Gather & Bind:
The Fundamentals of Book Collecting

Part Six: What’s My Book Worth?

WHENEVER WE GIVE BOOK COLLECTING seminars we are asked the inevitable question, “What are books worth?” We generally answer, “Whatever someone is willing to pay for them.” This response seems facetious, but unlike government bonds, precious metals and items traded daily in securities markets, collectable objects—books included—have no instantly verifiable monetary value. There are too many variables involved in valuing books to be precise.

The most important factor is demand. The book market is “demand driven.” Any bookseller is free to put any price on any copy of any book offered for sale. That—in itself—is not enough to make it “worth” the asking price. The value of any copy is really determined at the time it is sold.

To give a classic example from my experience—slightly fictionalized to protect identities: one day a customer drove up to a bookstore with a box of fiction titles from the 1940s. After a quick look, the bookseller determined that most of the books were worth about $5 each to him. He offered $100 for all 20 books, which the man happily accepted. Later, examining the contents more carefully, the seller discovered a first edition of a movie title that he had not seen before. It had a familiar title, but perfunctory research yielded no further information. He put a price of $100 on the book, stashed it away in another box, and later took it to a book fair.

When he opened the box, a seller in the next booth spied the book in question and immediately bought it for the asking price. While he was writing his check another seller, one who specialized in the genre, asked what the new owner would take for it, and they agreed on $500. That dealer in turn sold it to another dealer for $2,000, who sold it to a pair of dealers in partnership for $5,000, who eventually sold it to a collector at the fair for $8,500. We know that the book was “worth” $8,500 to someone at that time. The point of the story is that there is no fixed price for a book. Any copy is “worth” what someone is willing to pay for it. The reason for the spectacular appreciation in value for this copy was that its scarcity meant there was no immediate information available for the booksellers involved to determine its valuation.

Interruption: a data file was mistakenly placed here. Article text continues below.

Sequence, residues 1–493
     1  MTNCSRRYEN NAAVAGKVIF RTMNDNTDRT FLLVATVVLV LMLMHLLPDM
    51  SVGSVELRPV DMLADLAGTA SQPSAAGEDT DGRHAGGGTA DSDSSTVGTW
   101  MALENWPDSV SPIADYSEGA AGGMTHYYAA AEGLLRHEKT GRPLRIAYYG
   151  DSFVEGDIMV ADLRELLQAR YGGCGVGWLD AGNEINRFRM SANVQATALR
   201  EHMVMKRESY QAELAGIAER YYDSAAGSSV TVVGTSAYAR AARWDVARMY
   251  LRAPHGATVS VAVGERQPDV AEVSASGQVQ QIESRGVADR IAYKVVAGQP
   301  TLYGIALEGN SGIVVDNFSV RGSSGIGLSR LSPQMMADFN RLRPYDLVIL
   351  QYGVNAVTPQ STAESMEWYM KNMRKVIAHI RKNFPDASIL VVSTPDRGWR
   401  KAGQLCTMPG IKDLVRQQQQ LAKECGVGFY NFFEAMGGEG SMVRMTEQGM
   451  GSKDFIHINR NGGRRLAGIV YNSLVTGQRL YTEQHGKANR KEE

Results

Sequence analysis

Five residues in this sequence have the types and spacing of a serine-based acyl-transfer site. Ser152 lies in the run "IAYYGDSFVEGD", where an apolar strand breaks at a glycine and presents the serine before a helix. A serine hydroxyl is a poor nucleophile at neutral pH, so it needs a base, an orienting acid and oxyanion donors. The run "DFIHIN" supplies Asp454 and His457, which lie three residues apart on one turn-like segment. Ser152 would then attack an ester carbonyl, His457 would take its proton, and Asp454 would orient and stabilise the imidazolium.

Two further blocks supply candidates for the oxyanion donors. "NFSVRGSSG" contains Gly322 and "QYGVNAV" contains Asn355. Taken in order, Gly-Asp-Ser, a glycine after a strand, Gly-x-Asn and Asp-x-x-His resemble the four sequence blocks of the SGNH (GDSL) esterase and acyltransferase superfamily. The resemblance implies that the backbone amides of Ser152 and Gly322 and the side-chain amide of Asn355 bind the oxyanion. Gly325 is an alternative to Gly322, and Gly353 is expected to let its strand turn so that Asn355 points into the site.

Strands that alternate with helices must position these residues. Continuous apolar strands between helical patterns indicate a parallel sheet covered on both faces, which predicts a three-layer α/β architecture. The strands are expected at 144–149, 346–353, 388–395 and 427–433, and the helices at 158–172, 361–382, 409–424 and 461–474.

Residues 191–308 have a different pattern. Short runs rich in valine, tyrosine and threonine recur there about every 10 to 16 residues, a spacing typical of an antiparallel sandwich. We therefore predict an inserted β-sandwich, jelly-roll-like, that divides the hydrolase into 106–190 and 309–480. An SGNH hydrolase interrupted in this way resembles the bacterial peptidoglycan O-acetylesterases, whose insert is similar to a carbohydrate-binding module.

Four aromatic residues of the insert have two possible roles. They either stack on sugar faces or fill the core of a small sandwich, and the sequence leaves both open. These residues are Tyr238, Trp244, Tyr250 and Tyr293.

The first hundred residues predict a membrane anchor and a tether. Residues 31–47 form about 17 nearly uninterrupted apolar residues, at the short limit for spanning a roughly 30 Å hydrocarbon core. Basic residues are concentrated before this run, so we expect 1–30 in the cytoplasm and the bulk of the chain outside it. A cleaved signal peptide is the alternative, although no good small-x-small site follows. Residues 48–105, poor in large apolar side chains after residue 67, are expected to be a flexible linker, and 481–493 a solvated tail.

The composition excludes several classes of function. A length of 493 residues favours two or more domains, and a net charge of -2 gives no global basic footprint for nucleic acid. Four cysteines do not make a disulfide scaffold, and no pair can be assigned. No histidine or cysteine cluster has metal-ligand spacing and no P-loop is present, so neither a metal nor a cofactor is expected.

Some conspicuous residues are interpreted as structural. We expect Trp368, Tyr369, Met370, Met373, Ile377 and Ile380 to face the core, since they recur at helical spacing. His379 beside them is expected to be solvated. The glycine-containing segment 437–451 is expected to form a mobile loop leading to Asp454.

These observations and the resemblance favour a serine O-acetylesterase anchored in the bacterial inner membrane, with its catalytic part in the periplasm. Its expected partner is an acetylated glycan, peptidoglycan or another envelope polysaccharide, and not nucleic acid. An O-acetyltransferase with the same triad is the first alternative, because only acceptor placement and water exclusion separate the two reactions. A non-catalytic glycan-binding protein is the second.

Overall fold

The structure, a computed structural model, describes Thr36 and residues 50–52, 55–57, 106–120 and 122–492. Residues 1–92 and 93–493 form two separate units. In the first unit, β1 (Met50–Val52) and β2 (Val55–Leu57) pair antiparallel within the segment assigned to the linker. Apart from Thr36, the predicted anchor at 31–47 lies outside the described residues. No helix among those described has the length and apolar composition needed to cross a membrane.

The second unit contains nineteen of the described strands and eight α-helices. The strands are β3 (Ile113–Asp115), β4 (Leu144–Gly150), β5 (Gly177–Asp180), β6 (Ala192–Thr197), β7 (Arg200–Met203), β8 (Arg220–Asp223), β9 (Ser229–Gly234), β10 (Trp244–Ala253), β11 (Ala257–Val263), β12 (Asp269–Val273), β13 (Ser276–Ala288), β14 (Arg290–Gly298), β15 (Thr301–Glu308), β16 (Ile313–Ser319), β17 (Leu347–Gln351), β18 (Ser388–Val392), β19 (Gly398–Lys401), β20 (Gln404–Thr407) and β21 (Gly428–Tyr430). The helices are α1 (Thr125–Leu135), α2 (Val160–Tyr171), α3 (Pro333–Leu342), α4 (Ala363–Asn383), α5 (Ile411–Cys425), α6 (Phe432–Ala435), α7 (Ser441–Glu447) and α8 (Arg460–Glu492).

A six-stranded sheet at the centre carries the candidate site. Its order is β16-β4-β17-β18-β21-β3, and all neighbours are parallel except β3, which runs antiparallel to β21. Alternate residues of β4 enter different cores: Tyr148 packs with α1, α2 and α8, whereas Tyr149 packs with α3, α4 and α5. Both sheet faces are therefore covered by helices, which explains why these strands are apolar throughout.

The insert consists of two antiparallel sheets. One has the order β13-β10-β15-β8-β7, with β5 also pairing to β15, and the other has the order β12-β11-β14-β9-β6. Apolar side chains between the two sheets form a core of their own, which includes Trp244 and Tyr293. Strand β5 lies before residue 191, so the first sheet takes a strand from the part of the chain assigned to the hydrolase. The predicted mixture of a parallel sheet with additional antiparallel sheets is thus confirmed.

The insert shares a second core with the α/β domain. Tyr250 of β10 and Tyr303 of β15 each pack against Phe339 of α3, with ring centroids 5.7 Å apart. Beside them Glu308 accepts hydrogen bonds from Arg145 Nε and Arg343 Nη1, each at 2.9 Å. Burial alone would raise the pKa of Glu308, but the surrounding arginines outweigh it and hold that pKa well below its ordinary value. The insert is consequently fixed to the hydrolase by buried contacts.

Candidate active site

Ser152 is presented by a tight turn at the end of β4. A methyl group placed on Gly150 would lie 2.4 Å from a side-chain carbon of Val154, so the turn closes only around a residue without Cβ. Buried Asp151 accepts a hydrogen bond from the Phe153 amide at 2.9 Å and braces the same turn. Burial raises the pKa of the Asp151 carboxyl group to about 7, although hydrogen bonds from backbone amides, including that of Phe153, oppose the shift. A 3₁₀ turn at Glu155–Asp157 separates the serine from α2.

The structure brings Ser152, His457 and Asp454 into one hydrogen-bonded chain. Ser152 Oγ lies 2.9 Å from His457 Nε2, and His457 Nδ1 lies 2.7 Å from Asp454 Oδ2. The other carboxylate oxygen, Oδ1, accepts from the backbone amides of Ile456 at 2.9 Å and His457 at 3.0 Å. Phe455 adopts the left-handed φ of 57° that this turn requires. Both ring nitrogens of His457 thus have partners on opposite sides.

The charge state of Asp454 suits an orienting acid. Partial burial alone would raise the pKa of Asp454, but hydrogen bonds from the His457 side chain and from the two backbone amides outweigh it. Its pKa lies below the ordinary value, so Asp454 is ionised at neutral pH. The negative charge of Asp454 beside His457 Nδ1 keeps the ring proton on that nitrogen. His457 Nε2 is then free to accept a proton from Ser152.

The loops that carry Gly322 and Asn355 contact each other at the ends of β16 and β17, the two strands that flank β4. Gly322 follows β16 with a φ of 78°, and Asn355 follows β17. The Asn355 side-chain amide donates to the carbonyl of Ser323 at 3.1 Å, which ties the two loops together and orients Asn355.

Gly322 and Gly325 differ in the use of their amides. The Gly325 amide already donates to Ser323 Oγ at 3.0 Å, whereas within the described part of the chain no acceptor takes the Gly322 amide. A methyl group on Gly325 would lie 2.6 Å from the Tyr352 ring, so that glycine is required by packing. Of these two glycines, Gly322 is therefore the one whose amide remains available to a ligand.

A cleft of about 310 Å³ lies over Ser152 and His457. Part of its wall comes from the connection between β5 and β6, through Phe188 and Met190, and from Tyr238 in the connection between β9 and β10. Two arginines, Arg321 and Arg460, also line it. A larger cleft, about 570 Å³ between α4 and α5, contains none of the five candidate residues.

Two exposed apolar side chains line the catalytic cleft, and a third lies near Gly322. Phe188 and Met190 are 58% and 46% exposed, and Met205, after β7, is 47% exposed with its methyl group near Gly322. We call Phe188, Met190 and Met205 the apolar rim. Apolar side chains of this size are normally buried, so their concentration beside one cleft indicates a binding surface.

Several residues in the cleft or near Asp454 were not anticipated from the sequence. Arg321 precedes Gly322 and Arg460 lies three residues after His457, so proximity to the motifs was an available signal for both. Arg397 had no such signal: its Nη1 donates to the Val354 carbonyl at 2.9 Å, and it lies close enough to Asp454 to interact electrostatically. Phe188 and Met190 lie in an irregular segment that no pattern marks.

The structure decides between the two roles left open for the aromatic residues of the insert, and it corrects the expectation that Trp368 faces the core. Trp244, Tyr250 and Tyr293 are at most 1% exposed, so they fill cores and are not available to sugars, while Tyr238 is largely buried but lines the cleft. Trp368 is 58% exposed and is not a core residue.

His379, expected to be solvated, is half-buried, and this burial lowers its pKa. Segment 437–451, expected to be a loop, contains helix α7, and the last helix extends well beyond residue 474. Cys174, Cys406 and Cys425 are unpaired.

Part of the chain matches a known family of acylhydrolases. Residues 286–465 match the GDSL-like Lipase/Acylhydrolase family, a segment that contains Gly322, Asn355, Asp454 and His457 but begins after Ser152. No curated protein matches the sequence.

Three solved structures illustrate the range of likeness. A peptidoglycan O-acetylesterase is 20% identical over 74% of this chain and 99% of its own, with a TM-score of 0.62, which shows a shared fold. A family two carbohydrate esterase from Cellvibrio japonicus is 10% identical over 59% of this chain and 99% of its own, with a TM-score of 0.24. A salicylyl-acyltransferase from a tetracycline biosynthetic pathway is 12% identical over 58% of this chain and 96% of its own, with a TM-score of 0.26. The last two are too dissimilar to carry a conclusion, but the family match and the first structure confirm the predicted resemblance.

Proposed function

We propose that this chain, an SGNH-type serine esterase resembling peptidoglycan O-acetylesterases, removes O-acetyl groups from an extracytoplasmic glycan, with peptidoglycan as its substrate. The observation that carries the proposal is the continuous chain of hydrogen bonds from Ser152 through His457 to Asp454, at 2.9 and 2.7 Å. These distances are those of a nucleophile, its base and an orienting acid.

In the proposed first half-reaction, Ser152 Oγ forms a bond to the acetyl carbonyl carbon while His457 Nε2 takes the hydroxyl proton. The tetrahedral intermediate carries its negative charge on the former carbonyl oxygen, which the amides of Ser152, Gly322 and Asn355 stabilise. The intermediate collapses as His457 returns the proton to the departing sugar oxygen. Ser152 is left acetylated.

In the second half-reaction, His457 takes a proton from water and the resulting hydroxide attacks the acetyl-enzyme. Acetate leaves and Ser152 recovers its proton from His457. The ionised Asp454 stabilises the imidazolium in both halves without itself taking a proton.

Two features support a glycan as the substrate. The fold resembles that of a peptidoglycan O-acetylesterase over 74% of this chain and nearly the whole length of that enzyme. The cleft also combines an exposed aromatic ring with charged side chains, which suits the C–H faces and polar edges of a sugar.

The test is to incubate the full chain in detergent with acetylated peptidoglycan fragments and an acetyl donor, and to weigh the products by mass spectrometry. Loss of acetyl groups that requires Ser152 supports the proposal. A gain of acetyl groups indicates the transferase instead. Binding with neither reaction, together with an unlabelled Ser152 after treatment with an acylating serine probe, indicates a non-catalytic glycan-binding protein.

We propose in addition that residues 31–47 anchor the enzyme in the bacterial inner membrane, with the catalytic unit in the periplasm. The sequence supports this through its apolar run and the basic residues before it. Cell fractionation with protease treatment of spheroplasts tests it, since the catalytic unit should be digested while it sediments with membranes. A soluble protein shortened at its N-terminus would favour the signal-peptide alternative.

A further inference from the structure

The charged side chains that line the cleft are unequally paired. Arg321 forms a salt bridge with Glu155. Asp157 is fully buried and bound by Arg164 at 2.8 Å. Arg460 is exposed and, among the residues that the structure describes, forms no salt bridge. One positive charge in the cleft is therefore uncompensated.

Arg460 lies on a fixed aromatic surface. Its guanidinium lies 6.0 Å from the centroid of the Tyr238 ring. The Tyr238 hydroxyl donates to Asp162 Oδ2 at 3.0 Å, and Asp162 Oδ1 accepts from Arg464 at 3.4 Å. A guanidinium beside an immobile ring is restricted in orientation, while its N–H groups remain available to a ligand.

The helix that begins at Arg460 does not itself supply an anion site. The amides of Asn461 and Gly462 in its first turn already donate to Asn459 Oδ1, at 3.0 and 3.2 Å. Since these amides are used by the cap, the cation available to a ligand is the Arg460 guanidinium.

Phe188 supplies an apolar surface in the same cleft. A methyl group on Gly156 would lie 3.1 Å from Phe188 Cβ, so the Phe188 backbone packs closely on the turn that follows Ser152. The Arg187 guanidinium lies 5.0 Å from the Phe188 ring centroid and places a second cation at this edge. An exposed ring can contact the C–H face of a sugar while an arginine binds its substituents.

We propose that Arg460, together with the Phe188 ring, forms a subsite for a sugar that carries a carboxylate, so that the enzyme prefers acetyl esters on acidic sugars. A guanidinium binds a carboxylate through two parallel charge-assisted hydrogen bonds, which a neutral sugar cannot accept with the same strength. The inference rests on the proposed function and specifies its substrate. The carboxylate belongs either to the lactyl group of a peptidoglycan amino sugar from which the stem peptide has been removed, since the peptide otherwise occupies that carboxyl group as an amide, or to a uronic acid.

Still, there are ways to estimate values for most collectable books in the marketplace. You can consult the records of previous asking prices and sales, compiled in various guides and in the price ranges in Firsts checklists. It is important to understand, however, that the reliability of price guides vary with the knowledge of the compiler. There are several purported “official” price guides for books that really are quite useless. In addition, the book market changes all the time. It is, if anything, more volatile than other collectors’ markets because it is relatively small. One person actively seeking an elusive first can drive up asking prices profoundly. Several prominent collectors deciding to put their collections on the market at the same time can have the reverse effect if there aren’t be enough buyers to absorb the material.

However, it is demonstrable that prices for rare books do appreciate over time. Occasionally, Firsts runs price comparison tables for first editions giving selling prices over long periods of time; once a month, we update the checklist for an author we featured in the corresponding issue from 10 years earlier. Most of the books listed have appreciated over time; some of them have done so dramatically.

The dilemma facing collectors is that in order to determine the precise “worth” of any collection, it must be sold. Based on a lifetime’s experience, a professional bookseller may be able to appraise a collection and give it an approximate monetary value, but not until a check is written after a sale, or the final hammer falls in an auction, does that collection have a fixed price. In a sense, this fact makes collecting even more intriguing.

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